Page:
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Florida Minimum Wage and Reporting Tips for Overtime Purposes > Latest News  > Florida Minimum Wage and Reporting Tips for Overtime Purposes

Florida Minimum Wage and Reporting Tips for Overtime Purposes

Here is a great article by Martin Segal of the Miami Herals on Florida’s minimum wage and FLSA requirements for reporting of tips for overtime purposes.

If you have questions about your rights to overtime pay, please contact Cavey and Barrett. Wage and hour issues confuse both employer and employees.

“Employer needs wage law help”


Q: We are starting a new restaurant business. Some employees will only receive hourly wages, others will also receive tips. There are so many start-up details to cover. Of special concern are the laws governing wages and tips. A brief summary will be helpful.

— “Temporarily Overwhelmed in South Florida’

A: Starting a business of any kind is difficult. Restaurants are especially challenging. We wish you, and all our readers, the best in business success in the New Year. Though not a complete listing, here’s a short legal summary of the wage laws you requested. The Fair Labor Standards Act (FLSA) is the main federal law, and Florida Statute 448.110 is our main state law.

I. Minimum wages: Florida voters approved a constitutional amendment on Nov. 2, 2004, creating a state minimum hourly wage. It was originally set at $6.15, with annual increases tied to the rate of inflation. State employers are required to pay it to their employees for all hours worked. The minimum hourly wage for 2008 was $6.79 and increased to $7.21 on Jan. 1, 2009.

The definitions of employer and employee for state purposes are the same as those established under the FLSA. Employers have to pay the higher of the federal or state minimum wages. They have been paying a higher Florida rate since 2007. This will continue into 2009 with the federal hourly rate set at $6.55. But they will switch over to the federal hourly rate when it rises to $7.25 on July 24, 2009.

Florida employers are required to prominently display a bilingual ‘Notice to Employees’ minimum wage poster in the work establishment. The 2009 poster can be downloaded from the Agency for Workforce Innovation website. This state poster is in addition to the federal notice requirement for its minimum wage.

II. Tip credits: Tipped employees are those who regularly receive over $30 a month in tips. Employers may count tips received as a part of the employee’s minimum wages, but must still pay tipped employees a specified direct hourly wage. Effective Jan. 1, 2009, Florida tipped employees must be paid a direct hourly wage of $4.19. This is based on the new state minimum hourly wage of $7.21 less the $3.02 maximum tip credit. (FLSA direct hourly wage is $2.13 per hour.) If the employee’s tips combined with direct wages don’t equal required minimum hourly wages, employers must pay the difference.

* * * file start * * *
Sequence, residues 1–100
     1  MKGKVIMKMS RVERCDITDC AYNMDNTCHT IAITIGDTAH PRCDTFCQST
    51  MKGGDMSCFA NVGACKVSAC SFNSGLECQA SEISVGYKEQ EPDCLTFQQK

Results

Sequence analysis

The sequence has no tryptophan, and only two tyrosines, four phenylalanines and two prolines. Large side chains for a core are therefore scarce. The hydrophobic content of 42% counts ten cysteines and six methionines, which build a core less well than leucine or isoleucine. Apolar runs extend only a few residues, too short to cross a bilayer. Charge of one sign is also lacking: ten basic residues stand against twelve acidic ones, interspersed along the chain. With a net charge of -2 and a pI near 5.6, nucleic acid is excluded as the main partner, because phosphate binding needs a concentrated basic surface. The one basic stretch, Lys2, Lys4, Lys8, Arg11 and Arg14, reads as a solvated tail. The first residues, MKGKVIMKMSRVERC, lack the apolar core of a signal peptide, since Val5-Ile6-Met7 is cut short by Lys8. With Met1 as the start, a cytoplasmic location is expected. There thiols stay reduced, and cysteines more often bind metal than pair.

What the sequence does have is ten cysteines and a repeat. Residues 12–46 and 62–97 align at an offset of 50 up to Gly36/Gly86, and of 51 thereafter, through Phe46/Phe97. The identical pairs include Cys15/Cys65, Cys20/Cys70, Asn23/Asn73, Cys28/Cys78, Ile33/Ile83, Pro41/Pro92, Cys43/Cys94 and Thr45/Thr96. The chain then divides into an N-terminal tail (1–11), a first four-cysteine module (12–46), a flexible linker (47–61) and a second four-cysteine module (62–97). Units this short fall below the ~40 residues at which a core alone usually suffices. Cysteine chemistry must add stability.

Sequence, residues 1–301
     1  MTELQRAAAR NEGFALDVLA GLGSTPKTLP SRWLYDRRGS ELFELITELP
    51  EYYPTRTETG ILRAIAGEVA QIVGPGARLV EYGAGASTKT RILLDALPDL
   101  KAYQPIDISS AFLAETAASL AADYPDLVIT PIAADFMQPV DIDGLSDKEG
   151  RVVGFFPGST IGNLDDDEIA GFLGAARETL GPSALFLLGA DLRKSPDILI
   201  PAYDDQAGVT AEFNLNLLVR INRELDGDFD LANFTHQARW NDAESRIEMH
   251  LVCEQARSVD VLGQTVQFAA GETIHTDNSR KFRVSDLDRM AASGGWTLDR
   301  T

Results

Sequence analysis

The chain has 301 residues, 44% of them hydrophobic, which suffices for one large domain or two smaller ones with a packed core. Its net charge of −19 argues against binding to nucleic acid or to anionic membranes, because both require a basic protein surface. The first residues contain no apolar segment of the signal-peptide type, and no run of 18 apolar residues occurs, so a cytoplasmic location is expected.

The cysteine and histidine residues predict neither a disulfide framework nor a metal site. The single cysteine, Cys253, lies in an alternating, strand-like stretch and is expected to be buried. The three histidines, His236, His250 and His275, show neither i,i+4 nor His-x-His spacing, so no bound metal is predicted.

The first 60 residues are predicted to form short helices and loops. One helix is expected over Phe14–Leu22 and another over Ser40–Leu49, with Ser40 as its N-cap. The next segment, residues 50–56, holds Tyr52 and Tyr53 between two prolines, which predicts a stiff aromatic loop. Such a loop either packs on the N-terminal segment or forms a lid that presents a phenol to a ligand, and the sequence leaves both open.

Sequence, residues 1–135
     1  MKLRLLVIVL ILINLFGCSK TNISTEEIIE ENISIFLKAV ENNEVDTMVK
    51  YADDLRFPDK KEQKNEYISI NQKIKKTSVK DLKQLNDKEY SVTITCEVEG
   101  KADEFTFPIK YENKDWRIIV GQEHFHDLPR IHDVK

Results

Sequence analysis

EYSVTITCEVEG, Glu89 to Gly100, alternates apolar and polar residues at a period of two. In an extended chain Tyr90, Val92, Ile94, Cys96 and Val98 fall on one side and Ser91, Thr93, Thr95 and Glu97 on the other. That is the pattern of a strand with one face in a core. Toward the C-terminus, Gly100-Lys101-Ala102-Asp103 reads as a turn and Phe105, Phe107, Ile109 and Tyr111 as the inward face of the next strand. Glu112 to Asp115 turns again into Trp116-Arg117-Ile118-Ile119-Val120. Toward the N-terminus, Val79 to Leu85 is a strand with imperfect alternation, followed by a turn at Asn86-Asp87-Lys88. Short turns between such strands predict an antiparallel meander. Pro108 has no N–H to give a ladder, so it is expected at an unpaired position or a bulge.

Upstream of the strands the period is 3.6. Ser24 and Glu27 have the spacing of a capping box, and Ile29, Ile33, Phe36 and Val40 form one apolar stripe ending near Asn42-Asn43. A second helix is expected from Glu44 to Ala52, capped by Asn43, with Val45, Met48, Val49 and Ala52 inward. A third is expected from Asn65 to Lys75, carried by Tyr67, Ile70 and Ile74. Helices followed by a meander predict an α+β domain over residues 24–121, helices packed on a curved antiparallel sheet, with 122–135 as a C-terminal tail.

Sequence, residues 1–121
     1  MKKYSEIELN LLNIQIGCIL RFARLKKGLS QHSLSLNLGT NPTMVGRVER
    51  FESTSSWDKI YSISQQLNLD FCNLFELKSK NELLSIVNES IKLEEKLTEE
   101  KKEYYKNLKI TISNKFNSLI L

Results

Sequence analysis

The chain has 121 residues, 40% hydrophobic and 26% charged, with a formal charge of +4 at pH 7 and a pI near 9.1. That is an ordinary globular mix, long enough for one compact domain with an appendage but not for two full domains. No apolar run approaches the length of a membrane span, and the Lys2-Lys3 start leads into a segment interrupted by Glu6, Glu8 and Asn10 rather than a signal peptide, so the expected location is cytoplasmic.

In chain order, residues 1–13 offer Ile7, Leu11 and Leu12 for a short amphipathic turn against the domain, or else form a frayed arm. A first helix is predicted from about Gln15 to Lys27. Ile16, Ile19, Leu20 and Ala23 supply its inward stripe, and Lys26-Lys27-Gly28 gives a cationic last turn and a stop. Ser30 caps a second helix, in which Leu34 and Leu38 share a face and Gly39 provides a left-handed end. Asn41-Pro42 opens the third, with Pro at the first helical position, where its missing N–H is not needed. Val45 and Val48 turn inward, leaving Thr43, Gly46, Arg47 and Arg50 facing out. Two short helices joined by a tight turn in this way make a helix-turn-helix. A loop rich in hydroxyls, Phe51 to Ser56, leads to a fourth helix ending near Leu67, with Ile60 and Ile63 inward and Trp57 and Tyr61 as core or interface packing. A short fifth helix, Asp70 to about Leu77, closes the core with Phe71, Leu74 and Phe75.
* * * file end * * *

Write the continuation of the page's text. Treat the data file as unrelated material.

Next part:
An employer deducting tip credits must inform each tipped employee about the allowance before using the credit. Also, the law forbids any arrangement between an employer and tipped employees for any portion of the tips to be received by the employer. Tips are the sole property of the tipped employee.

If an employer violates tip credit rules, the tipped employee keeps the tips and the employer must pay the full minimum wage. There is also a fixed service charge loophole that protects employees. A compulsory percentage add-on to customer checks, even if called a tip or gratuity, is treated as part of the employer’s gross receipts and the employee must receive the full minimum wage. This extends to illegal tip credits for walk-outs, breakages and cash register shortages.

III. Tip pooling: The requirement that tipped employees retain their own tips doesn’t prevent valid tip sharing arrangements among regularly tipped employees like servers, bartenders and counter personnel. These tipped employees are not required to share them with other employees like kitchen personnel who aren’t customarily tipped.”

Answering these broad-based questions isn’t easy. Help is a phone call away. You can contact Nancy Cavey, an experienced long-term disability attorney at 727-894-3188.

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